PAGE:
Speaking of Love….I have been in love with Alice in Wonderland for as long as I can remember. From its original publication in 1865, Alice in Wonderland has taken the world by storm with its nonsensical, often absurd, fantasy. I could write a dissertation on all the major themes in this book, but below is the short list of things we can learn from Alice and her glorious adventures:
Don’t Take Life Too Seriously
But seriously, don’t. Wipe your tears, stand up tall, and find a way to laugh your way through life. Accept the fact that we are all a little crazy, throw a tea party, and get on with it.
“I wish I hadn’t cried so much!” said Alice, as she swam about, trying to find her way out.
I shall be punished for it now, I suppose, by being drowned in my own tears !”
“Have I gone mad? I’m afraid so.
You’re entirely Bonkers.
But I will tell you a secret,
All the best people are.”
Know Where You’re Going
Get on that 5 year plan. Heck, get on that 50 year plan. Know what you want and how you are going to get there. Spend time identifying your dreams, outlining your goals, and coming up with plans on how to put them into action. If you walk the road long enough, you will end up exactly where you wanted to be, but you won’t get there “sitting on a blanket under some trees”.
“Alice: Would you tell me, please, which way I ought to go from here?
The Cheshire Cat: That depends a good deal on where you want to get to.
Alice: I don’t much care where.
The Cheshire Cat: Then it doesn’t much matter which way you go.
Alice: …So long as I get somewhere.
The Cheshire Cat: Oh, you’re sure to do that, if only you walk long enough.”
Dare to Believe in the Impossible
Not to go Disney on you, but dream, darling, dream. Sometimes, the impossible becomes possible faster than you could ever imagine. As the queen will tell you, this can take some practice. Focus your energies solely on solutions, openness and opportunity.
“Alice laughed. ‘There’s no use trying,’ she said. ‘One can’t believe impossible things.’
I daresay you haven’t had much practice,’ said the Queen. ‘When I was your age, I always did it for half-an-hour a day. Why, sometimes I’ve believed as many as six impossible things before breakfast.
“Alice had begun to think that very few things indeed were really impossible.”
Your Words Matter
Keep your conversations ‘full of grace and seasoned with salt’. Be honest, and kind, and don’t throw rocks with your tongue. Be expressive, learn more language, communicate better. Words dictate actions and actions dictate character (don’t quote me but that may be Buddha).
“Then you should say what you mean,” the March Hare went on.
“I do,” Alice hastily replied; “at least I mean what I say that’s the same thing, you know.”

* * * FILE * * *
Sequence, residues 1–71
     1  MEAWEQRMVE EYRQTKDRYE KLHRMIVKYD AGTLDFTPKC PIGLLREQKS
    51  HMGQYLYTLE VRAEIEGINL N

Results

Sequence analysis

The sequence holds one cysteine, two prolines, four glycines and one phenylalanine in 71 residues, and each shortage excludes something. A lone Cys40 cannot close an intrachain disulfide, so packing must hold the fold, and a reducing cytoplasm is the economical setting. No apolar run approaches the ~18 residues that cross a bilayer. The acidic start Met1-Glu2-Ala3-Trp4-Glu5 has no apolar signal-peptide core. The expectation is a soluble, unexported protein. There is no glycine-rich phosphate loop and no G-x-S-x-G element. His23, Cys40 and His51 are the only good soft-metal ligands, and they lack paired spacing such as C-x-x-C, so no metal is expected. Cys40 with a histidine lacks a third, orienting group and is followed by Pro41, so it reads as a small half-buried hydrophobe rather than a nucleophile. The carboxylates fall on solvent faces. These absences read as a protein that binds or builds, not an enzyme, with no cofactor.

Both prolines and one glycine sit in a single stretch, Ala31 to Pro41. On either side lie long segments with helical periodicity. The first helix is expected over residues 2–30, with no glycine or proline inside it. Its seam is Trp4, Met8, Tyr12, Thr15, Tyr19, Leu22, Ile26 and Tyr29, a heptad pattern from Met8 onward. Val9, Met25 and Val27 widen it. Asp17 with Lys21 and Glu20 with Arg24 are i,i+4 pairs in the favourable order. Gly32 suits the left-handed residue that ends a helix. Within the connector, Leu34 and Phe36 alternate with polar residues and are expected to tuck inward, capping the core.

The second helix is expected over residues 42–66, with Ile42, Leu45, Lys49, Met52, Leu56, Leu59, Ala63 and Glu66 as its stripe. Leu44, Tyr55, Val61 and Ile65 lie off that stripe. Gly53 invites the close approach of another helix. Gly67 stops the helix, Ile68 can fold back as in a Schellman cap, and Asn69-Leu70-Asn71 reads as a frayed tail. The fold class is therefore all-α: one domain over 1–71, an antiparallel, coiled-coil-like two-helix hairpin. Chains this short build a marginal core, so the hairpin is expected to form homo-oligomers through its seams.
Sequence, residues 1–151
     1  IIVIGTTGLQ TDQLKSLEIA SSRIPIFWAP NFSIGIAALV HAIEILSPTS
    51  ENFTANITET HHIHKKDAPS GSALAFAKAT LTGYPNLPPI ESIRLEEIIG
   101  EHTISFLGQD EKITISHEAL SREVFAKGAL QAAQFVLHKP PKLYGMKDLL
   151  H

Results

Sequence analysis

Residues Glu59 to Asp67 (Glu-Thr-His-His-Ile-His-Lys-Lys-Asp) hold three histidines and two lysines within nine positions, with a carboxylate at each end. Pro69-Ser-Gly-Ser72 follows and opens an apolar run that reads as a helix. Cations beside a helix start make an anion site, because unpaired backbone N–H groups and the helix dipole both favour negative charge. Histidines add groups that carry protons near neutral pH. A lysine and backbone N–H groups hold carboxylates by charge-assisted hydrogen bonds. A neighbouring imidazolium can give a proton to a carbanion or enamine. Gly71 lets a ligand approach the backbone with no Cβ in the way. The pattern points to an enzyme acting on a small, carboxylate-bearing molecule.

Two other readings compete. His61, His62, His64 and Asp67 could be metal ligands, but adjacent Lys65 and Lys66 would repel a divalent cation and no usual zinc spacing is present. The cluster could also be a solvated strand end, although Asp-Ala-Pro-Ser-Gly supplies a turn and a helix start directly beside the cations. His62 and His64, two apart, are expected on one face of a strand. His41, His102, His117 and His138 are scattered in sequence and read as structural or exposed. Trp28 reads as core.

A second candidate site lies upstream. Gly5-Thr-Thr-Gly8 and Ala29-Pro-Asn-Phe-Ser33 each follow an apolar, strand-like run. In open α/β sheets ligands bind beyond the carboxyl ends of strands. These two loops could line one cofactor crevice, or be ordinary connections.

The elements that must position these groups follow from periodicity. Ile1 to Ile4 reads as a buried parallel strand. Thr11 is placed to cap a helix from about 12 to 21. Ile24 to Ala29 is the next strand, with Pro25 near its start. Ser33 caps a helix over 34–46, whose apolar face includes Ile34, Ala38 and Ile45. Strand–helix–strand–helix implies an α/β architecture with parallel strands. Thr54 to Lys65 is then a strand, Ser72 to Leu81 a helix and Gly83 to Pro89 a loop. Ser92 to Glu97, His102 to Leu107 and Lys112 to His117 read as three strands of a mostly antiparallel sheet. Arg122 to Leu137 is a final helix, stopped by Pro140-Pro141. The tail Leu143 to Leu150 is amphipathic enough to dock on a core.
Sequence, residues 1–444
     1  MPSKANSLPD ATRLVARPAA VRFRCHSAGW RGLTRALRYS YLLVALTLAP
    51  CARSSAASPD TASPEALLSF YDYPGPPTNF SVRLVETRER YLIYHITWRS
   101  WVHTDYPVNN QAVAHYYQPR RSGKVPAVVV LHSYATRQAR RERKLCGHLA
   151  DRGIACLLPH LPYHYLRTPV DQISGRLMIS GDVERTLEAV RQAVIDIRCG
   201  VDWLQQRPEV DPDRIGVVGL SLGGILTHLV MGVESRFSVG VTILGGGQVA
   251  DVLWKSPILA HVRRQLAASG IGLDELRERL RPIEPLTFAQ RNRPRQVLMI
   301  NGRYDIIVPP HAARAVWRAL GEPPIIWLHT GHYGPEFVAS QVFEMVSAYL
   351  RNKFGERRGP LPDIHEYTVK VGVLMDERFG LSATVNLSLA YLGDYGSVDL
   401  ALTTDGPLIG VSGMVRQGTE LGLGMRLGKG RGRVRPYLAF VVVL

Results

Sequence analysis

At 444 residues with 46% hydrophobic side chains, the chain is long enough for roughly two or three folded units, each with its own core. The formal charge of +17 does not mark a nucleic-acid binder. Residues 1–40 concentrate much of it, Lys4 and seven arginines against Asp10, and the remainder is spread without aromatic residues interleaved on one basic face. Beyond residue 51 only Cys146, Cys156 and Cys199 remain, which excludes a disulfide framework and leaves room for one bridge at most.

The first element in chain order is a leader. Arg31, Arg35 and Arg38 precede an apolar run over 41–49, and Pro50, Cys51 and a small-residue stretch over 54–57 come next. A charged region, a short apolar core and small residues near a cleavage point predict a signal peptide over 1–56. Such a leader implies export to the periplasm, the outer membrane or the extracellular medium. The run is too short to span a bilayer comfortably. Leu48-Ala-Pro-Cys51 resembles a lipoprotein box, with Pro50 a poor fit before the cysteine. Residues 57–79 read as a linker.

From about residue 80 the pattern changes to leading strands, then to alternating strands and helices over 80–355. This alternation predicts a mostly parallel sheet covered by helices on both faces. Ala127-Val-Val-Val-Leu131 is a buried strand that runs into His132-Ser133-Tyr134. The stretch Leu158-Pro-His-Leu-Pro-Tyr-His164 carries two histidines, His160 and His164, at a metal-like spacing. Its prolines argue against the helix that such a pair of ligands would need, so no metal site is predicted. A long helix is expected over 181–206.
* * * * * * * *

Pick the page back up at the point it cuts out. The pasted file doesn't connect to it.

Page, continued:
“Not the same thing a bit!” said the Hatter. “Why, you might just as well say that `I see what I eat’ is the same thing as `I eat what I see’!”
Give it Absolutely Everything You’ve Got
Play to win. Give 110% or nothing at all. Go hard or go home. The mantras go on-and-on. Bottom line: there are no short cuts to success, run harder and reach higher.
“My dear, here we must run as fast as we can, just to stay in place. And if you wish to go anywhere you must run twice as fast as that.”
Take The Time to Know Yourself
This is indeed the “great puzzle”; allow it to be a continuous (and forgiving) unfolding. Work actively on understanding your gifts and your greatest challenges. Grow more into your authentic self. Follow pursuits that enthuse you, listen to your heart, broaden.
Who are YOU?” said the Caterpillar.
This was not an encouraging opening for a conversation. Alice replied, rather shyly, “I–I hardly know, sir, just at present– at least I know who I WAS when I got up this morning, but I think I must have been changed several times since then.”
“I wonder if I’ve been changed in the night. Let me think. Was I the same when I got up this morning? I almost think I can remember feeling a little different. But if I’m not the same, the next question is ‘Who in the world am I?’ Ah, that’s the great puzzle!”
Give Yourself a Break
Stop the voice in your head that incessantly beats you up. It is under your control. Tell it to stop. Sometimes we don’t have the answers. Sometimes we get lost. Get over it, get interested in something new, and consider just how far you’ve come.
“Oh, don’t go on like that!” cried the poor Queen, wringing her hands in despair. “Consider what a great girl you are. Consider what a long way you’ve come today. Consider what o’clock it is.
We Eventually Climb Out of the Rabbit Hole
Success means trying, and sometimes trying means failing, but we eventually get back on our feet no matter how hard the fall. Venture into the rabbit hole and risk ‘bruising your soul’. Be the best kind of brave you know how to be.
“Little Alice fell
bumped her head
and bruised her soul”
“That’s the reason they’re called lessons,” the Gryphon remarked: “because they lessen from day to day.”
Stop putting it off, whatever IT may be. Follow the voice in your head and just start somewhere, anywhere. Remember that the pleasure of making a daisy-chain is always worth getting up, and perfect is the enemy of the good. Begin.
“Alice thought to herself “I don’t see how he can ever finish, if he doesn’t begin.”
“at any rate, there’s no harm in trying.”
“whether the pleasure of making a daisy-chain would be worth the trouble of getting up”
Get Used to Being Uncomfortable
We become uncomfortable when we need to grow. Embrace the discomfort, it means you are on the right path. Keep following it. Most of the time, freedom is right on the other side of that fear.
“but Alice had got so much into the way of expecting nothing but out-of-the-way things to happen, that it seemed quite dull and stupid for life to go on in the common way.”
with grace and salt, kirsten
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